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02 Sep 2015

State pension age could reach 70 by 2050, says expert

A leading industry expert has warned that a drastic rise in the state pension age is “inevitable” in the face of enhanced life expectancy predictions, The Telegraph reports.

According to recently-released figures from the Office for National Statistics (ONS), life expectancy at birth has increased by around three years every decade, rising from age 51 for men born in 1910-1912, and 55 for women, to a respective 79 and 83 years old for those born in 2010-2012.

The findings come after the government pronounced a new formula for calculating the state pension age, so that members of future generations would spend “a third of their adult life in retirement.”

Using this formula, and as more UK citizens start to live well into their nineties, pensions consultancy Barnett Waddinghams has warned that “it is very likely that state pension ages will have to rise much faster than currently anticipated, almost inevitably reaching at least 70 by the midpoint of the century.”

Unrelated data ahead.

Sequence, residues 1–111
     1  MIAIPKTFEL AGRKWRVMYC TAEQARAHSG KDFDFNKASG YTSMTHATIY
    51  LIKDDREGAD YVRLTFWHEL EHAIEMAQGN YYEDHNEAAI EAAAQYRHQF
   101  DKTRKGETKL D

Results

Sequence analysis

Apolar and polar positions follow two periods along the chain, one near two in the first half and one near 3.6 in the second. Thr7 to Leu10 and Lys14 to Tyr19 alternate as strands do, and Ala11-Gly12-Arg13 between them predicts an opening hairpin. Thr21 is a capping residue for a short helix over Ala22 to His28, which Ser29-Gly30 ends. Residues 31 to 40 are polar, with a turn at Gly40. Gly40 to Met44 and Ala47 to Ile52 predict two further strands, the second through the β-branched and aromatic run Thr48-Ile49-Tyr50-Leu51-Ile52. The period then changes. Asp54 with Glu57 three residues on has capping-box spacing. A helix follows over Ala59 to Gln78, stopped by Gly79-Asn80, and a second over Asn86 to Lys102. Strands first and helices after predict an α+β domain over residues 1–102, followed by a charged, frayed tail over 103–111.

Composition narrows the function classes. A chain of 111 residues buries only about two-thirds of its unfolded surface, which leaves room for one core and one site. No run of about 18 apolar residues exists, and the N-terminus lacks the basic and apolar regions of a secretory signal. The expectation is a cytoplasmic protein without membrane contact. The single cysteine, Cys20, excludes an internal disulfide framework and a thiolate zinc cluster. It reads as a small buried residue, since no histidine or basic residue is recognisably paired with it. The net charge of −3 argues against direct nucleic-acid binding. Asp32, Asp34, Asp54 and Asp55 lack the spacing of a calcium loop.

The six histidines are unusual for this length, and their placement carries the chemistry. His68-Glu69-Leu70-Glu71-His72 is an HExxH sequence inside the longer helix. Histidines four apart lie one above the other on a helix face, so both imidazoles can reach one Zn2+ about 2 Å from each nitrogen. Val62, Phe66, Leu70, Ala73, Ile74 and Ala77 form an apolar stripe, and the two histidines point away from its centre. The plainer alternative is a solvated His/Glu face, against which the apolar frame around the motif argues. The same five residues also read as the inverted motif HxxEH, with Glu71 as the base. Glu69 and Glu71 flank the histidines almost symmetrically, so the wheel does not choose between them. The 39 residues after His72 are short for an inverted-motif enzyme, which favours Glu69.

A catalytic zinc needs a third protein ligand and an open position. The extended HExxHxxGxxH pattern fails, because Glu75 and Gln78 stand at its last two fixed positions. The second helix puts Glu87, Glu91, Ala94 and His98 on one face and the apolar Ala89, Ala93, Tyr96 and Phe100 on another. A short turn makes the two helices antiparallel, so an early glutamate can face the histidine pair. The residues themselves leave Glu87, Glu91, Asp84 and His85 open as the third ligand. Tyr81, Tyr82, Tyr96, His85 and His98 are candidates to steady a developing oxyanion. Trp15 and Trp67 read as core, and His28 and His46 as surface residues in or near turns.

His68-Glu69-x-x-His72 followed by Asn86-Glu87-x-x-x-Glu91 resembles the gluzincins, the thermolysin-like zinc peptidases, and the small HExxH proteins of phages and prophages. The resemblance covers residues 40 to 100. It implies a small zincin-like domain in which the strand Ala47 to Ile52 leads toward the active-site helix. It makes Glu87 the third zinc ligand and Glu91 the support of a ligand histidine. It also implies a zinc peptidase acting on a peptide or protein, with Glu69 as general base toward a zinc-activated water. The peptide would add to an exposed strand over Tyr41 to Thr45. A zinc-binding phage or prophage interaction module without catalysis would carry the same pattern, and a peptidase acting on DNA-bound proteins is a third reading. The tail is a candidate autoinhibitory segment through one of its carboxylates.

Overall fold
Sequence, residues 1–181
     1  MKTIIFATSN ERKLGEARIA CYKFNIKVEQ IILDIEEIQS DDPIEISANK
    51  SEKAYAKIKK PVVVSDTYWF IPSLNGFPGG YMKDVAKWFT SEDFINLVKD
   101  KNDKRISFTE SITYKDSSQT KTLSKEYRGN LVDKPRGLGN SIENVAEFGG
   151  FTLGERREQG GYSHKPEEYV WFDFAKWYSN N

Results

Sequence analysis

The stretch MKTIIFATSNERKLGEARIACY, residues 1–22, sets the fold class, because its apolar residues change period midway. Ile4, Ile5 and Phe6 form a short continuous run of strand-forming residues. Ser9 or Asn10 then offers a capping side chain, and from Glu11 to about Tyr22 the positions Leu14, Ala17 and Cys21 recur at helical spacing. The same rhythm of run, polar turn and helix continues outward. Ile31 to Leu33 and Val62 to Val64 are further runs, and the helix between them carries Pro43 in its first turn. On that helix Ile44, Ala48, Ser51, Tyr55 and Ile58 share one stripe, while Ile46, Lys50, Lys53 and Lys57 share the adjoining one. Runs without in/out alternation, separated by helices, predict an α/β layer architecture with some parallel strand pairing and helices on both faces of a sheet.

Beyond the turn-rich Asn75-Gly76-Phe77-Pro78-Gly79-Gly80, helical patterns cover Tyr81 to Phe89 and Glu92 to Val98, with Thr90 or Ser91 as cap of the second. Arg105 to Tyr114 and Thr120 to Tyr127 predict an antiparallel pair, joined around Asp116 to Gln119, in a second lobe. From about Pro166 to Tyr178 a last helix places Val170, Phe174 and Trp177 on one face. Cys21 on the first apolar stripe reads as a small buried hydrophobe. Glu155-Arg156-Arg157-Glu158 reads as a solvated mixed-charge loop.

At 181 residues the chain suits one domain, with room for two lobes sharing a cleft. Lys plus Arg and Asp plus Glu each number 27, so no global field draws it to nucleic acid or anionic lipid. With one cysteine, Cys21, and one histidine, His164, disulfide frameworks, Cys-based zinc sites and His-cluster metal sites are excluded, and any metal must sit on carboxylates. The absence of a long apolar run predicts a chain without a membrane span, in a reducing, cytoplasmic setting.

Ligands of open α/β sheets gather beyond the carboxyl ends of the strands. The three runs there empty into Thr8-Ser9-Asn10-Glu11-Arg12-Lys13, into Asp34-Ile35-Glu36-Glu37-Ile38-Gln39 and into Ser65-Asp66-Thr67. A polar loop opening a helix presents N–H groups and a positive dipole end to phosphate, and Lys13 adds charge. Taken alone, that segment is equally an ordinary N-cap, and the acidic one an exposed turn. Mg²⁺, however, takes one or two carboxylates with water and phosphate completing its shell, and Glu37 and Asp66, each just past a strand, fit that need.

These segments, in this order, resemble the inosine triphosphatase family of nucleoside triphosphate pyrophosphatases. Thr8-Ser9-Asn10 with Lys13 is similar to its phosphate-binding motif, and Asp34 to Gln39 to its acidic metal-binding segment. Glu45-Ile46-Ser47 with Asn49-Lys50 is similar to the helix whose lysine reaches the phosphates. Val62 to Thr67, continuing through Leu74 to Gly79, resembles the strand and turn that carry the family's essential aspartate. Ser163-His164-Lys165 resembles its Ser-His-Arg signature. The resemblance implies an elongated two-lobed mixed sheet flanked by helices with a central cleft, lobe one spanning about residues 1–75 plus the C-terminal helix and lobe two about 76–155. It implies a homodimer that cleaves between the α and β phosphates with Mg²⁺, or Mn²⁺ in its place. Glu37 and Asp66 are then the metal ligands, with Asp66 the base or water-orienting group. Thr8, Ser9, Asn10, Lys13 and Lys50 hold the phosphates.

“Longer working lives will surely become the norm for today´s younger generations, something they will have to accept in thinking ahead for retirement and how they are going to finance them,” added senior consultant Malcolm McLean.

Current government plans mean that the state pension is set to rise to 65 for men and women in three years´ time. By 2020 this will rise to 66, and by 2028 the state pension age will be 67. Women will not be able to retire earlier than men, as they can now.

There have also been suggestions about increasing the age to 68 as early as 2046, although this is said to be under review. McClean is now calling for a full-scale review of the state pension timetable, to avoid the pension age being increased indefinitely.

Copyright M2 Bespoke 2015

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